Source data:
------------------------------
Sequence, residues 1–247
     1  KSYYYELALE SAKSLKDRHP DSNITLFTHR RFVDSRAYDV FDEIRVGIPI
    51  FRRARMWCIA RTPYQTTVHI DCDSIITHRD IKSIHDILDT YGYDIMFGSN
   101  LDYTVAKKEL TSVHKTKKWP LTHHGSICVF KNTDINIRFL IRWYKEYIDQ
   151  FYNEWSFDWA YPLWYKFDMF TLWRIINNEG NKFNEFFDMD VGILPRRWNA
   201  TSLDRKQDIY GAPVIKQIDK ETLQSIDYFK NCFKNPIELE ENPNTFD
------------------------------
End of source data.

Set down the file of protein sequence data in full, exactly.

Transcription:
Sequence, residues 1–247
     1  KSYYYELALE SAKSLKDRHP DSNITLFTHR RFVDSRAYDV FDEIRVGIPI
    51  FRRARMWCIA RTPYQTTVHI DCDSIITHRD IKSIHDILDT YGYDIMFGSN
   101  LDYTVAKKEL TSVHKTKKWP LTHHGSICVF KNTDINIRFL IRWYKEYIDQ
   151  FYNEWSFDWA YPLWYKFDMF TLWRIINNEG NKFNEFFDMD VGILPRRWNA
   201  TSLDRKQDIY GAPVIKQIDK ETLQSIDYFK NCFKNPIELE ENPNTFD